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Journal of Biomedical Optics • Open Access

Comparison of photodynamic therapy with different excitation wavelengths using a dynamic model of aminolevulinic acid-photodynamic therapy of human skin
Author(s): Baochang Liu; Thomas J. Farrell; Michael S. Patterson

Paper Abstract

Different wavelength light sources are used in photodynamic therapy (PDT) of the skin to treat different conditions. Clinical studies show inconsistent results for the effectiveness of aminolevulinic acid (ALA)-PDT performed at different wavelengths. In order to understand the effect of treatment wavelength, a theoretical study was performed to calculate time-resolved depth-dependent distributions of PDT components including ground-state oxygen, sensitizer, and reacted singlet oxygen for different treatment wavelengths (405, 523, and 633 nm) using a numerical model of ALA-PDT of human skin. This model incorporates clinically relevant features of the PDT process including light attenuation, photobleaching, oxygen consumption, and diffusion, as well as tissue perfusion. The calculations show that the distributions of these quantities are almost independent of the treatment wavelength to a depth of about 1 mm. In this surface region, PDT-induced hypoxia is the dominant process. At greater depths, the production of singlet -oxygen is governed by the penetration of the treatment light. Two noninvasive PDT dosimetry approaches: the cumulative singlet oxygen luminescence (CSOL) and the fractional fluorescence bleaching metric, were investigated and compared for all three wavelengths. Although CSOL was more robust, both metrics provided correlations with the singlet oxygen dose in the upper dermis that were almost independent of treatment wavelength. This relationship breaks down at greater depths because light penetration depends on wavelength.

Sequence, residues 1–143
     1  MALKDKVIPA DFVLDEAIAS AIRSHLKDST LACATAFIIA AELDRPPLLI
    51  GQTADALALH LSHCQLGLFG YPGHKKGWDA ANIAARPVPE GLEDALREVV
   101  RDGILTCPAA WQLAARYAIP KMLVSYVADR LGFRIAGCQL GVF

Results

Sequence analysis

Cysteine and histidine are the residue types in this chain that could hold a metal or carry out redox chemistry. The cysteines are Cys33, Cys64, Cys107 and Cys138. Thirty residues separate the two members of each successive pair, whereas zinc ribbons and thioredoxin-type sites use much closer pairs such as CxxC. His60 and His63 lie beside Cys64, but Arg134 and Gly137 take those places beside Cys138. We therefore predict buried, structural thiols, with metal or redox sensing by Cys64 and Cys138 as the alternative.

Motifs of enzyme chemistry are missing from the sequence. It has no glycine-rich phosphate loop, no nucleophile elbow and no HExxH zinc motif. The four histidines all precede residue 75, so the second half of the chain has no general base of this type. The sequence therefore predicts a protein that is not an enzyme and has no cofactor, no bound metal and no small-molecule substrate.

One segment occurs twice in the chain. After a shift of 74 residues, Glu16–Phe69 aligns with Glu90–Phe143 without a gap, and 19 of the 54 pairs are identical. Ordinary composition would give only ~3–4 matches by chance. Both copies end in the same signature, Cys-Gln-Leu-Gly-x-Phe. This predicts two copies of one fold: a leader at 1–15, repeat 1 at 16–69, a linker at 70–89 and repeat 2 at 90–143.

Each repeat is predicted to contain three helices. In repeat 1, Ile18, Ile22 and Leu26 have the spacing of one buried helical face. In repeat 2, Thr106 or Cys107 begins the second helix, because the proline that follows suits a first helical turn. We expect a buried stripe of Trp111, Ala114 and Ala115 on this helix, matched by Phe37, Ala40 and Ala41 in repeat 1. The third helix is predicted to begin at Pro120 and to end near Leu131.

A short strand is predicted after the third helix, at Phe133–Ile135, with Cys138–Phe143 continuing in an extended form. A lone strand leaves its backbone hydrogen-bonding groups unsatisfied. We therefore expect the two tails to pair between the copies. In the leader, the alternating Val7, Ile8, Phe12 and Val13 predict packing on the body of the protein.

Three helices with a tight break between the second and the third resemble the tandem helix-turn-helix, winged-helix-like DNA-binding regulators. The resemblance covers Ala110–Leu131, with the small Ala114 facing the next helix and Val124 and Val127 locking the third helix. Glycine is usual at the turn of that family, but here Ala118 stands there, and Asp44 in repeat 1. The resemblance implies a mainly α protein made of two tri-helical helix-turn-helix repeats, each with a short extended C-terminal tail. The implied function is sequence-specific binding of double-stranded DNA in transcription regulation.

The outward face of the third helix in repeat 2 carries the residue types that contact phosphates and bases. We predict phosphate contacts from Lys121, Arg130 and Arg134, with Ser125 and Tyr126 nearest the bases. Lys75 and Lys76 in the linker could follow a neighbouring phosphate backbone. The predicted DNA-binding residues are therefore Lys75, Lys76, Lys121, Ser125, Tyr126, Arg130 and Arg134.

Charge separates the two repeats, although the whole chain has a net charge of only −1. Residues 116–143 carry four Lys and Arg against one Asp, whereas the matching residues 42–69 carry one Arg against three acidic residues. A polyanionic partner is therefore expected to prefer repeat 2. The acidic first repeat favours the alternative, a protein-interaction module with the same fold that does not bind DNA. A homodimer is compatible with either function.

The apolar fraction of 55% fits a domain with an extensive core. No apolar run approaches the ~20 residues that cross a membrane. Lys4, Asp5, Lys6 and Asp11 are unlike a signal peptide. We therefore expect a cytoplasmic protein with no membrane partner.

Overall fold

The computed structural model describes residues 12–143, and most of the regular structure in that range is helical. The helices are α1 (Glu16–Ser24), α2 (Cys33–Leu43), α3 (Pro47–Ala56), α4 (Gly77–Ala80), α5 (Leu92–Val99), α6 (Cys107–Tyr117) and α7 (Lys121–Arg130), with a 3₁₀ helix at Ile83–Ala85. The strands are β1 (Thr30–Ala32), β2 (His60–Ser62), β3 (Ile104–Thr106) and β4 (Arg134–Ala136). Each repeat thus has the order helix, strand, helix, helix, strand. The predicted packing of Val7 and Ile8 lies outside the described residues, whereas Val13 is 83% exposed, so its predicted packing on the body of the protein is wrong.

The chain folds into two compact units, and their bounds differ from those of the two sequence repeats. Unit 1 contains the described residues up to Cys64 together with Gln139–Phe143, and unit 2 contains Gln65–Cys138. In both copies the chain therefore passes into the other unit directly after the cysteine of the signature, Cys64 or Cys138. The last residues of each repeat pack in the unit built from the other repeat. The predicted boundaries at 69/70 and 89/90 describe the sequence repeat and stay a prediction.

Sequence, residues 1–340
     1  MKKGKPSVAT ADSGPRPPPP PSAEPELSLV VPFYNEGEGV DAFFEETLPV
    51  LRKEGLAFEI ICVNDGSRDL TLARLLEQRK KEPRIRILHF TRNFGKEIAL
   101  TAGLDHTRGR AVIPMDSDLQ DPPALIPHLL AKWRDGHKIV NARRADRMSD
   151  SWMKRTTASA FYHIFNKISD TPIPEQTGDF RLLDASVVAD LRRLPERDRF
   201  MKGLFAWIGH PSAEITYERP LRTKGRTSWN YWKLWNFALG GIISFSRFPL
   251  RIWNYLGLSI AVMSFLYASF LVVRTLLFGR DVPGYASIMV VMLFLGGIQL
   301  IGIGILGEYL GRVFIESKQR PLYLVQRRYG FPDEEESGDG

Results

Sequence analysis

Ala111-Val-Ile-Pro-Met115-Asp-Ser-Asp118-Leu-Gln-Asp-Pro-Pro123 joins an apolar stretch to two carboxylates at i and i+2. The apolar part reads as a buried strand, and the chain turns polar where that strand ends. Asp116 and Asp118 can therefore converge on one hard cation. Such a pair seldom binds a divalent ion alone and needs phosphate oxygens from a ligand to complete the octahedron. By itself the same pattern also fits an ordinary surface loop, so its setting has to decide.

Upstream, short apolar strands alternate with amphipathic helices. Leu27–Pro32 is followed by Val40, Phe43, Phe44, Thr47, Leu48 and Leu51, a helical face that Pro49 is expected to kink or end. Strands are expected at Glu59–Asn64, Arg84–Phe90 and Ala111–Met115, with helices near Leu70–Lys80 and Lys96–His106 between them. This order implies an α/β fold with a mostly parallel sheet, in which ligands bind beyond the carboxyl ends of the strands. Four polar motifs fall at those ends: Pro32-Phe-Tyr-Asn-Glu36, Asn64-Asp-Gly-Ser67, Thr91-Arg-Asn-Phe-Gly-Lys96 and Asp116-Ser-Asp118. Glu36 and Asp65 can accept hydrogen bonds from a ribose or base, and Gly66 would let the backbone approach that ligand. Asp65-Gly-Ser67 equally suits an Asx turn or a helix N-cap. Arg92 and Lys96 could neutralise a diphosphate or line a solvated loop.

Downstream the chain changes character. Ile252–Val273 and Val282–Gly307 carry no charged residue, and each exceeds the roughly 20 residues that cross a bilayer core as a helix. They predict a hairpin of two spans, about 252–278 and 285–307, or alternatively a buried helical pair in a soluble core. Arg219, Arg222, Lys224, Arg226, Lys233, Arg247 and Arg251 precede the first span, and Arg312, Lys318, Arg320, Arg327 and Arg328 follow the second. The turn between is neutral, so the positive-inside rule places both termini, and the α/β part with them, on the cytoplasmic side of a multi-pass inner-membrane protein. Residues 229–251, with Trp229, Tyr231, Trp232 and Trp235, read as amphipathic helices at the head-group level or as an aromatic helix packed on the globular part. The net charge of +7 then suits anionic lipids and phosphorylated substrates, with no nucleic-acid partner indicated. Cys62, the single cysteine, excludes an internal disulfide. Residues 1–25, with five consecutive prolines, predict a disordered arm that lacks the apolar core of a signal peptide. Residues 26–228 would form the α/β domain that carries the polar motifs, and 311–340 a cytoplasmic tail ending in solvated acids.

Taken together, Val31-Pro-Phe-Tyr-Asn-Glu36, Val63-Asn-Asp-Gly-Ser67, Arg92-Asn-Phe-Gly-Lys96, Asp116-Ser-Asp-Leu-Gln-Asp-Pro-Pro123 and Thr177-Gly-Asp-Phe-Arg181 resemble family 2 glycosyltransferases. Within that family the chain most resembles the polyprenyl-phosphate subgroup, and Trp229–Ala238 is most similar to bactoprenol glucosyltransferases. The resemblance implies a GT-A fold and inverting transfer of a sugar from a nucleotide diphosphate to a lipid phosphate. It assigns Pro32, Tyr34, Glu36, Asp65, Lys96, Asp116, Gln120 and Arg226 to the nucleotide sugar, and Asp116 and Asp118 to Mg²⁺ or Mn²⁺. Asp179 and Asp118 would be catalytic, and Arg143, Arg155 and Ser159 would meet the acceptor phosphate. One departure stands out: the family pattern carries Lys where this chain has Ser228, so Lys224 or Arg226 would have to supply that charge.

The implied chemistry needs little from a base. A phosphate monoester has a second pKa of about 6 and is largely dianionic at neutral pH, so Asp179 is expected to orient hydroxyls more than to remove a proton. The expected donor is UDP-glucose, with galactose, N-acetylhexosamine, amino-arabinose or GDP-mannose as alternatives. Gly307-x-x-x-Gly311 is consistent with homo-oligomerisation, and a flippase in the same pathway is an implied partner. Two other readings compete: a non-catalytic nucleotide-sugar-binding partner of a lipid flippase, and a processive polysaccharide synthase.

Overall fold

Paper Details

Date Published: 29 August 2012
PDF: 8 pages
J. Biomed. Opt. 17(8) 088001 doi: 10.1117/1.JBO.17.8.088001
Published in: Journal of Biomedical Optics Volume 17, Issue 8
Show Author Affiliations
Baochang Liu, McMaster Univ. (Canada)
Thomas J. Farrell, McMaster Univ. (Canada)
Michael S. Patterson, McMaster Univ. (Canada)

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